Cultural Heritage: Porifera (Sponges), A Taxon Successfully Progressing Paleontology, Biology, Biochemistry, Biotechnology and Biomedicine

  • Werner E. G. Müller
  • Renato Batel
  • Isabel M. Müller
  • Heinz C. Schröder
Conference paper
Part of the Advances in Experimental Medicine and Biology book series (AEMB, volume 546)


In 1876, Campbell (Campbell, 1876 [p. 446]) wrote “those beautiful ‘glass-rope sponges’, Hyalonema etc., have been found by our researchers to be ‘the most characteristic inhabitants of the great depths all over the world, and with them ordinary siliceous sponges, some of which rival Hyalospongiae in beauty’ “. The admiration for the beauty of sponges is documented since Aristotle (cited in Camus 1783), however the nature of these organisms and their phylogenetic position remained enigmatic until less than 10 years ago. E.g., in 1988 Loomis (Loomis, 1988 [p. 186]) wrote “the sponge cells are unspecialized flagellates held together by a glycoprotein extracellular matrix... they are multicellular, but just barely so”. This view changed drastically since the introduction of modern molecular biological techniques; the informational genes investigated in detail now group the sponges to the Metazoa leaving any doubt on their evolutionary origin behind. The first breakthrough came with the study of the galectin molecule from Geodia cydonium, when it was discovered that the deduced polypeptide shared high sequence similarity only with metazoan proteins and comprised all characteristic amino acid moieties required for the binding to the sugar (Pfeifer et al., 1993).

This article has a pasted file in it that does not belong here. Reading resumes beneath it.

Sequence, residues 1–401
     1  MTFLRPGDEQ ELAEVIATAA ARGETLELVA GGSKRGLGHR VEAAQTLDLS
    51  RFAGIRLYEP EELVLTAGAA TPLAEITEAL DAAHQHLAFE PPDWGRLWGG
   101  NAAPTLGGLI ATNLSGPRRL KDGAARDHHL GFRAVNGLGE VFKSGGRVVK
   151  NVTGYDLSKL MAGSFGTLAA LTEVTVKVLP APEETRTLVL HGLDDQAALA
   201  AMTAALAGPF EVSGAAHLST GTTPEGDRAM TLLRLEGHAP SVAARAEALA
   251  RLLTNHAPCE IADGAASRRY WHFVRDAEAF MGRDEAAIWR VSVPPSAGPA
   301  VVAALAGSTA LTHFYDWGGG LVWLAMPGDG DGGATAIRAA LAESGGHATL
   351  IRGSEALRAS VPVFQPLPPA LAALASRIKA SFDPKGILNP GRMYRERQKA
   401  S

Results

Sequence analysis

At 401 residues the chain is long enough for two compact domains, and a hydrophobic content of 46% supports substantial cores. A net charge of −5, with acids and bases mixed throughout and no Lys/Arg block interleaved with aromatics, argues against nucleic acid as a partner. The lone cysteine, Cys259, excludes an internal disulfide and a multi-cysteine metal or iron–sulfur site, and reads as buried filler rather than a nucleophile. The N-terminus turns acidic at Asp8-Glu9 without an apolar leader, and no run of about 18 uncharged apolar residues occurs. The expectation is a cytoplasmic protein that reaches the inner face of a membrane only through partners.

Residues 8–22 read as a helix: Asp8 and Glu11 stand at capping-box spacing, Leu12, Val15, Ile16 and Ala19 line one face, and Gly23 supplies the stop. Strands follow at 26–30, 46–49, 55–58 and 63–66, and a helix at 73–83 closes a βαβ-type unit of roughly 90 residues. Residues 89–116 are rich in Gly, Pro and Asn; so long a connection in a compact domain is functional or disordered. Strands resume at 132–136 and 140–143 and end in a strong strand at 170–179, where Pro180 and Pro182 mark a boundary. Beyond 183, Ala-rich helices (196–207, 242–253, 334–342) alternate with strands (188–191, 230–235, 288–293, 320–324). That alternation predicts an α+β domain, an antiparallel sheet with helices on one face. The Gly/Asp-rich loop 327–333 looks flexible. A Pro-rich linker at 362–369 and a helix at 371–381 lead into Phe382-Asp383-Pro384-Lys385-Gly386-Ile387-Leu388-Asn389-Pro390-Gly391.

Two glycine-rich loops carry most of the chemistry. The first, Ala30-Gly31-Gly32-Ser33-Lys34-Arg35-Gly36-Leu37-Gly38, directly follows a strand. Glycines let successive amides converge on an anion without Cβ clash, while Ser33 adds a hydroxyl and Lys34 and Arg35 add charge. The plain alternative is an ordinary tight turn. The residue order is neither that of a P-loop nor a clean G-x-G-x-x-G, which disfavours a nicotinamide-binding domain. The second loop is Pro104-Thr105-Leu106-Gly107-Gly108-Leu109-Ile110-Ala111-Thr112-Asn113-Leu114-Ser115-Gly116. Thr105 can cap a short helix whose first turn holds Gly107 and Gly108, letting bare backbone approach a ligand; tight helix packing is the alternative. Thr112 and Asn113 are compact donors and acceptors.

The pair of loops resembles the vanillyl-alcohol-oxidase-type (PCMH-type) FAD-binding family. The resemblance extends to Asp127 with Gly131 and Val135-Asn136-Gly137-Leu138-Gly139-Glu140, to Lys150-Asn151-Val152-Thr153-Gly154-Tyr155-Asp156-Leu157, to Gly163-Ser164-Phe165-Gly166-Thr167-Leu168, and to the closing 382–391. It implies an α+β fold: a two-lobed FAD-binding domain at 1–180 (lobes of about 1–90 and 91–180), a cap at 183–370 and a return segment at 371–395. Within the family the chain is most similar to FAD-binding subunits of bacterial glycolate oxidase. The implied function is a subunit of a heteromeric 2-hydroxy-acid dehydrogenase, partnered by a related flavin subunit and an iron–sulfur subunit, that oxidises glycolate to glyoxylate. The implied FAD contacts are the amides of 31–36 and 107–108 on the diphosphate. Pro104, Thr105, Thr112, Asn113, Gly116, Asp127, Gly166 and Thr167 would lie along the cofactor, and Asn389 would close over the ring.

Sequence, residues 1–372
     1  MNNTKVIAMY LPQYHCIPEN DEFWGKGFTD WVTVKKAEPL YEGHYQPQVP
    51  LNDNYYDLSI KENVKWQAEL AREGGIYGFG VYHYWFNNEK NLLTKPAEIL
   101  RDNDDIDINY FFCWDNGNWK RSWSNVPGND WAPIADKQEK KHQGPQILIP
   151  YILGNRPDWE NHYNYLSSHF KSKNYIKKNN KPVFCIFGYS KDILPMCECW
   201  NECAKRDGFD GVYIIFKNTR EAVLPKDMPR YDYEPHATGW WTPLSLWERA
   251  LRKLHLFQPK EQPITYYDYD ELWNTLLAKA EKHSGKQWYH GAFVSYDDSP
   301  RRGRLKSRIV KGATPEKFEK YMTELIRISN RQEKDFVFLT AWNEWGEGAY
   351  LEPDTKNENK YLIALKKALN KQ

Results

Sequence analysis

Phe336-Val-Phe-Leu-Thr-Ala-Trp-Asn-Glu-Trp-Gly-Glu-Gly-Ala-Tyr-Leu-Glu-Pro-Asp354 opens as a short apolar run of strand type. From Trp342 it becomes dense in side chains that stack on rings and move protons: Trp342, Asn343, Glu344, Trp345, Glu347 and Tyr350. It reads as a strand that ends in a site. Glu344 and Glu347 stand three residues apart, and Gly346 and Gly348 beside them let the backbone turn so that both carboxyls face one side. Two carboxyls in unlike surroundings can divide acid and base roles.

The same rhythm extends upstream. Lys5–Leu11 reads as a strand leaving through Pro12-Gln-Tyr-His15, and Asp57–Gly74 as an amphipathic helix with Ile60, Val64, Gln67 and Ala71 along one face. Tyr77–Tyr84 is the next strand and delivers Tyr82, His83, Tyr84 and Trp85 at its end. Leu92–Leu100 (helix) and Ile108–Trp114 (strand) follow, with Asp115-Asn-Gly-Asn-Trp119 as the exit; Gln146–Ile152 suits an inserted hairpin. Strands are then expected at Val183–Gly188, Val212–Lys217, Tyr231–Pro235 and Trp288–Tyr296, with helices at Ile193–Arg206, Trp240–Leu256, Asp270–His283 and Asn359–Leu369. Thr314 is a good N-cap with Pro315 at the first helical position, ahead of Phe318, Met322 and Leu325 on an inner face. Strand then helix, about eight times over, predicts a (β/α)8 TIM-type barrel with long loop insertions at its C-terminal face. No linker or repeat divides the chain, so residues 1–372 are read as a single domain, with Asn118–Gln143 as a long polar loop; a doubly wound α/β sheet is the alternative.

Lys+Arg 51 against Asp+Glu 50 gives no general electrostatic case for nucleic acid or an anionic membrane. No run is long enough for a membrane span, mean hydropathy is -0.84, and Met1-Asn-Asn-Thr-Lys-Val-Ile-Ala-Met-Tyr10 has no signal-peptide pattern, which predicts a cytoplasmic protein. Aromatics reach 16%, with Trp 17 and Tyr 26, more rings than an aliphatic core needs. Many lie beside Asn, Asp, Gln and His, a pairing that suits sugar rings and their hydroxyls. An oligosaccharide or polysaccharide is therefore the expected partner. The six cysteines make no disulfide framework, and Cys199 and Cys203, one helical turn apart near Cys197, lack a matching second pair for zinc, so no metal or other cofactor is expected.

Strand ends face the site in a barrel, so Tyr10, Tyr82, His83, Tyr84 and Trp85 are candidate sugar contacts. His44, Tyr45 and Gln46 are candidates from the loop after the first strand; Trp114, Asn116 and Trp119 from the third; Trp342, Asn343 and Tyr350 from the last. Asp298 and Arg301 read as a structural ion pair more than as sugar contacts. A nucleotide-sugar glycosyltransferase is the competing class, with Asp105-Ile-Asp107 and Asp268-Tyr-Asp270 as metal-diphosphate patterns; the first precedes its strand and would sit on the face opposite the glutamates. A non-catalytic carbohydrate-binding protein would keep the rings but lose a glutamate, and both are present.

Cultural Heritage Marine Sponge Sponge Species Sponge Cell Siliceous Sponge 
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Copyright information

© Springer Science+Business Media New York 2004

Authors and Affiliations

  • Werner E. G. Müller
    • 1
  • Renato Batel
  • Isabel M. Müller
  • Heinz C. Schröder
  1. 1.Institut für Physiologische Chemie, Abteilung Angewandte MolekularbiologieUniversitätMainzGermany

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